Analysis: Results without papers prompting thoughts of GCSE reform
EVEN before the north entered its first `three week' lockdown, schools were shut and public exams cancelled.
Experts, observers and commentators alike saw an opportunity to think about a reform of GCSEs.
School leaders have argued that the exams leave too many pupils demoralised and increase anxiety.
There are also concerns that they are not fully accessible to lower attaining pupils, including those with special educational needs.
A major poll found most principals wanted them reformed or done away with.
It was said they are now so content-laden and deliberately harder that they disenfranchise many children for whom the exams are too daunting.
It is unlikely any major change will happen soon but the drama of the last few days will get folk pondering again.
This is the first time GCSE results have been issued widely without pupils putting pen to paper.
The north's schools typically do very well. Last year, there was a slight increase at grade C and above. The proportion awarded A*-C rose from 81.1 to 82.2 per cent.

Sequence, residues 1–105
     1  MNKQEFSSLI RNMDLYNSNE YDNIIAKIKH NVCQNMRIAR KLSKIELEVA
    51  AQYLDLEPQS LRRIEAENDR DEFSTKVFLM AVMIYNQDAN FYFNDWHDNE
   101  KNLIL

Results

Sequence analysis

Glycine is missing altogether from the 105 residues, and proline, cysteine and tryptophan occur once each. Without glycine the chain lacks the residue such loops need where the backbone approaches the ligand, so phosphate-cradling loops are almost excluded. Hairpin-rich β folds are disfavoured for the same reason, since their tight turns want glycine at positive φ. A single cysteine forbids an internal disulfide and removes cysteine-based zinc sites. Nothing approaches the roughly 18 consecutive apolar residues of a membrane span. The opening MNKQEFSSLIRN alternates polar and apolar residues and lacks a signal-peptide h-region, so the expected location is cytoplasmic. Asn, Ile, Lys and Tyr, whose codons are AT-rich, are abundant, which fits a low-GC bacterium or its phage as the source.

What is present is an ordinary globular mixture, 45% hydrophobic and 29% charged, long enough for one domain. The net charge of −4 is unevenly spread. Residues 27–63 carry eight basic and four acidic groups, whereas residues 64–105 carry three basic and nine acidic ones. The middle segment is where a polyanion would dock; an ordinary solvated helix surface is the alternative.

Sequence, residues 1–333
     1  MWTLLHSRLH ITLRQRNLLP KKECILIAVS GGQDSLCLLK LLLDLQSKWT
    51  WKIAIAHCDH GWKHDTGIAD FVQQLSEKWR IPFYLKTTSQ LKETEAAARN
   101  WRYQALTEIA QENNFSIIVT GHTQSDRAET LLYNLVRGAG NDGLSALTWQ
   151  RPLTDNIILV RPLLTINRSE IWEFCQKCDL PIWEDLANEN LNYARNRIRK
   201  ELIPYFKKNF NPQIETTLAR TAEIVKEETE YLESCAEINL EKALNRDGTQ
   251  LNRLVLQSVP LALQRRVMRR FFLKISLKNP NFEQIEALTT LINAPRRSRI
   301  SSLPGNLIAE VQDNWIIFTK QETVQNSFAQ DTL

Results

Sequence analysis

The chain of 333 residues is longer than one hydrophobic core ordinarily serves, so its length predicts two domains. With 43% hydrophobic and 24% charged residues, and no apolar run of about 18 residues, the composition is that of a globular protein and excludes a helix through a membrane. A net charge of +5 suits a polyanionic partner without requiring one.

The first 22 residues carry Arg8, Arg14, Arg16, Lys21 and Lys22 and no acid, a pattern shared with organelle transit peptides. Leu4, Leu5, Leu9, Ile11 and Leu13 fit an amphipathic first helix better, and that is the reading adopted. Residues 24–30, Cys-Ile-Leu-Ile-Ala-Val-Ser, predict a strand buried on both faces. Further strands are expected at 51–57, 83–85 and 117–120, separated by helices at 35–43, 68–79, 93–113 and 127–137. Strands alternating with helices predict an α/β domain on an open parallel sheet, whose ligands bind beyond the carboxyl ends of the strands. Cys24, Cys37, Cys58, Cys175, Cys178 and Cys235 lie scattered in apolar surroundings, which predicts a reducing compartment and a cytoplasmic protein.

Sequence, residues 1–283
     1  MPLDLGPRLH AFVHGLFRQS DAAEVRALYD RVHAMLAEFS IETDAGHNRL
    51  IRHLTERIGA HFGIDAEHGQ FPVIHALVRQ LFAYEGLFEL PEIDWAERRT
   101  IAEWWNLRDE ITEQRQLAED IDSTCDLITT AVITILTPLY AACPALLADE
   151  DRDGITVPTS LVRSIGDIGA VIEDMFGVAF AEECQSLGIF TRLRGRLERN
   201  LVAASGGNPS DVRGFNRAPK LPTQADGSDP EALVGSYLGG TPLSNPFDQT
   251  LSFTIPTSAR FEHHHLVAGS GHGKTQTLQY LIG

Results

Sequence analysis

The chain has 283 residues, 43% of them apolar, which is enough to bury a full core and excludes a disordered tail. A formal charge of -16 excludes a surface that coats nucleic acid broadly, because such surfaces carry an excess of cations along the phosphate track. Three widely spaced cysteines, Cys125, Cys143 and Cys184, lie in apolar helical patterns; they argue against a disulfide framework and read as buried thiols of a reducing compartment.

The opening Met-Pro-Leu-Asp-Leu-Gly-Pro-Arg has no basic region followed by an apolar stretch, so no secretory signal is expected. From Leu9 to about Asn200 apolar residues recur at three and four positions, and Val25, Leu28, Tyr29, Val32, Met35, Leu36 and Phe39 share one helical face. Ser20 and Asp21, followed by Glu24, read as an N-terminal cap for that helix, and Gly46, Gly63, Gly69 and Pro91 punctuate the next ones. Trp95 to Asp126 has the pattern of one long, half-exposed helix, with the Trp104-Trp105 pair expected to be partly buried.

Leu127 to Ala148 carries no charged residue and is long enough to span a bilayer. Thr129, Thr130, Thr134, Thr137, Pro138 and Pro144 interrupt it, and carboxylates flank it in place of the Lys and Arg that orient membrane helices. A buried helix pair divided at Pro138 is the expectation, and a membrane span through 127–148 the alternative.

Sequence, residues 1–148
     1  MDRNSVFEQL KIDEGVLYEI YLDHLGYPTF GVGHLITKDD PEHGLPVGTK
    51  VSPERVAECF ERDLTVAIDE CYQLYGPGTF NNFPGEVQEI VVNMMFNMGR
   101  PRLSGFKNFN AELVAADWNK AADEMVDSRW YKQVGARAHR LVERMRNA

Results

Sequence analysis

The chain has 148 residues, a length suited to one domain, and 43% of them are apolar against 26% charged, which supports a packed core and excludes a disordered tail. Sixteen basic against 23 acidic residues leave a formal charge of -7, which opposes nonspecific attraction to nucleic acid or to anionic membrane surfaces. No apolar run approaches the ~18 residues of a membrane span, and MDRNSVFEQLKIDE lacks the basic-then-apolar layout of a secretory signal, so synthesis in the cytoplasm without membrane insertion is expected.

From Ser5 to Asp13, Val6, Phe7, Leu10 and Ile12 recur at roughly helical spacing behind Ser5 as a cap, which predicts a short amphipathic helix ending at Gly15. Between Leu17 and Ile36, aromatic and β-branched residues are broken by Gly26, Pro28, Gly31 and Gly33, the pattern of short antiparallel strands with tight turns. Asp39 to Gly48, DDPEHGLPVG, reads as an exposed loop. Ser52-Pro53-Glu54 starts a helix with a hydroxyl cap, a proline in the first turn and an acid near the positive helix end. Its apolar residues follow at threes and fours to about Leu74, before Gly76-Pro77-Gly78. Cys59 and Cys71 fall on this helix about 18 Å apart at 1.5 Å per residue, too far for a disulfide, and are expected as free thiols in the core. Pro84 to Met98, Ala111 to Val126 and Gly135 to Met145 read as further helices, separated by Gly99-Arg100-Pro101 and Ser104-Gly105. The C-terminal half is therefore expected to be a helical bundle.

If we rewind to 2015, the A*-C was hovering around the 79 per cent mark. This has crept up modestly every year since - 0.2 per cent here, 0.4 per cent there - to bring us to the 82.2 per cent from 2019.
It is worth taking a note of these increases, just in case there are any further accusations of teachers being lenient when the unstandardised results are made public today.
There should be no surprise if the percentages achieving `good' grades goes up again - depending on how large the spike, of course.
However, any widespread inflation will cause additional problems, especially in grammar schools that typically have a post-GCSE cull of pupils who do not meet the quota for returning for A-levels.